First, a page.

1. ### Haskell implementation of the Robinson-Schensted algorithm

2016-08-07
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Given a permutation $\sigma$ of $\{1, \ldots, n\}$, the Robinson-Schensted correspondence associates to $\sigma$ a pair $(P,Q)$ of two standard Young tableaux of weight $n$ having the same shape.

This map $RS\colon \sigma \mapsto (P,Q)$ is obtained by the Schensted algorithm, and we give an Haskell implementation of this algorithm below (I gave a R implementation of this map in a previous article). A nice explanation of this algorithm is given in R. T. Bayley’s master thesis, to which we refer for more details, if needed.

In Haskell, we represent a permutation as a list of integers and a Young tableau as a list of lists of integers. For example, the Haskell list [[1,2,4,7,8], [3,5,6,9], [10]] represents this (standard) Young tableau:

The main part of the algorithm giving the pair $(P,Q)=RS(\sigma)$ is the construction of the first Young tableau $P$. Given the permutation $\sigma=(\sigma_1, \ldots, \sigma_n)$, the standard Young tableau $P$ is the final Young tableau $P_n$ of the sequence $(P_0, \ldots, P_n)$ of Young tableaux which is recursively obtained as follows. One starts with the empty Young tableau $P_0=[\,]$ and one recursively defines $P_{k+1}$ as the Young tableau obtained by bumping $\sigma_{k+1}$ to $P_k$, an action to be explained below. This is denoted by $P_{k+1} = P_k \leftarrow \sigma_{k+1}$, so that the final Young tableau is
$P_n = \Bigl(\cdots\bigl(([\,] \leftarrow \sigma_1) \leftarrow \sigma_2\bigr) \cdots \leftarrow \sigma_n\Bigr).$ Now we explain the bumping action. The bumping action of an integer $e$ to a Young tableau $P$ is a Young tableau denoted by $P \leftarrow e$ which is obtained by this algorithm:

• if $P$ is empty then $P \leftarrow e = [[e]]$;

• if $e$ is strictly greater than all the numbers in the first row of $P$, then the Young tableau $P \leftarrow e$ is obtained from $P$ by placing $e$ at the end of its first row;

• otherwise, $P \leftarrow e$ is the Young tableau whose first row is obtained by replacing the first element $w$ of the first row of $P$ that is larger than $e$ with $e$, and by stacking this new row on the top of $P_{-1} \leftarrow w$, where $P_{-1}$ is the Young tableau obtained from $P$ by removing its first row.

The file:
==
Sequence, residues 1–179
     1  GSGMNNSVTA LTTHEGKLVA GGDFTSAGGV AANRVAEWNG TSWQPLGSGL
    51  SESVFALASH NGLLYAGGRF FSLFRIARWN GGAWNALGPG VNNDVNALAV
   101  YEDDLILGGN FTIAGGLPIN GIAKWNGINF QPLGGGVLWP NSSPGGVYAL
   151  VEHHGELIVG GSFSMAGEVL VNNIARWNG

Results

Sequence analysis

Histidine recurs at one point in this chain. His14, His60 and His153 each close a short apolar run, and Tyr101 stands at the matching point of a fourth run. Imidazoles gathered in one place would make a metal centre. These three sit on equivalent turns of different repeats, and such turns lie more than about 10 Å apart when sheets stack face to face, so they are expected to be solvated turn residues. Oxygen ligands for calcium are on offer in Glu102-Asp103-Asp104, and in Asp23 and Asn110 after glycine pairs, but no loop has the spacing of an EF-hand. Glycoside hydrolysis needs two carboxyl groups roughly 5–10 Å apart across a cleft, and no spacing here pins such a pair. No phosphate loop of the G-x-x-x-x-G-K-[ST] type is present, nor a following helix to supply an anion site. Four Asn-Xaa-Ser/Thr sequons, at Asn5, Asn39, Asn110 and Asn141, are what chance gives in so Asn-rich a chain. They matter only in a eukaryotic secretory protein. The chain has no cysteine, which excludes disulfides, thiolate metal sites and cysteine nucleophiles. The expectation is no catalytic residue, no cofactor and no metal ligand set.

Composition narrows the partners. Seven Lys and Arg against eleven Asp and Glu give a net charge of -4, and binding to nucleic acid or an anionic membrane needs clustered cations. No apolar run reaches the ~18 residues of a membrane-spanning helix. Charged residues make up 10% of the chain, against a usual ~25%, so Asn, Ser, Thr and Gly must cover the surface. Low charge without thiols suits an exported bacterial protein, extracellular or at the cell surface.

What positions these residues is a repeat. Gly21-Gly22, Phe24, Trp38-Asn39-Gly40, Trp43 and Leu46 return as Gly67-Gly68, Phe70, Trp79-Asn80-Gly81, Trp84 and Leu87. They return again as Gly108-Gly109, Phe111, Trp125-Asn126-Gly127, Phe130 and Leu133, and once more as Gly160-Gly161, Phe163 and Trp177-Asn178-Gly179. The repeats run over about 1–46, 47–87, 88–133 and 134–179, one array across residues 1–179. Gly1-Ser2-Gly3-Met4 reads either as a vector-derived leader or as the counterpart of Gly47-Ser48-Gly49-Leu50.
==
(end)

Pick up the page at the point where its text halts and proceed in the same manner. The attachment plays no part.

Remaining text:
Thus, the shape of $P \leftarrow e$ is the shape of $P$ plus an additional square. Consider for example the permutation $\sigma = (2,3,1)$. The action of $\sigma_1=2$ to the empty tableau $P_0=[\,]$ generates the tableau $P_1 := P_0 \leftarrow \sigma_1 = [[2]]$. The action of $\sigma_2=3$ to the tableau $P_1$ generates the tableau $P_2 := P_1 \leftarrow \sigma_2 = [[2,3]]$. The action of $\sigma_3=1$ to the tableau $P_2$ generates the tableau $P_3 := P_2 \leftarrow \sigma_3 = [[1,3], [2]]$.

The replace function below performs the replacement. It takes as arguments a list of integers xs and an integer e. It finds the index of the first element of xs greater than e, replaces this element with e, and returns the new list and the replaced element in a pair.

import Control.Lens
import Data.List
let replace :: [Int] -> Int -> ([Int], Int);
replace xs e = ((element i .~ e) xs, xs !! i)
where i = ($Just x) -> x) (findIndex (>= e) xs) For example: > replace [1, 3, 5, 6] 4 ([1,3,4,6],5) This function does not work if there is no element greater e in the list. Now, the Young tableau \(Q$ is the final Young tableau $Q_n$ of the sequence $(Q_0, \ldots, Q_n)$ constructed in parallel as follows. This sequence starts with the empty Young tableau $Q_0 = [\,]$. Each Young tableau $Q_k$ has the same shape as $P_k$. The Young tableau $Q_k$ is obtained by adding a square to $Q_{k-1}$ at the same location of the square which is added to $P_{k-1}$ to get $P_k$, and by putting the integer $k$ in this square. For the above example where $\sigma=(2,3,1)$, this gives $Q_1=[[1]]$, $Q_2=[[1,2]]$ and $Q_3=[[1,2], [3]]$.

Finally, the Schensted algorithm has the following form:

given a permutation $\sigma=(\sigma_1, \ldots, \sigma_n)$, do:

• $(P_0, Q_0) \leftarrow ([\,],[\,])$
• for $i$ in $1:n$
• $(P_i, Q_i) \leftarrow \text{bump}(P_{i-1}, Q_{i-1}, \sigma_i, i)$

Therefore, once we get an implementation of the bump function, the $RS$ map is implemented as follows in Haskell:

let rs :: [Int] -> ([[Int]],[[Int]]);
rs sigma | (n == 1) = bump [] [] (sigma !! 0) 1
| otherwise = bump p q (last sigma) n
where (p,q) = rs (fst (splitAt (n-1) sigma))
n = length sigma

It remains to write the bump function.

let bump :: [[Int]] -> [[Int]] -> Int -> Int -> ([[Int]],[[Int]]);
bump p q e i = if p==[]
then ([[e]], [[i]])
else if e > (last (p !! 0))
then (((p1 !! 0) ++ [e]) : pend, ((q1 !! 0) ++ [i]) : qend)
else (newp1 : p2, (q !! 0) : q2)
where (p1, pend) = splitAt 1 p
(q1, qend) = splitAt 1 q
(newp1, w) = replace (p !! 0) e
(p2, q2) = bump (drop 1 p) (drop 1 q) w i

As an example:

> rs [1, 3, 6, 4, 7, 5, 2]
([[1,2,4,5],[3,7],[6]],[[1,2,3,5],[4,6],[7]])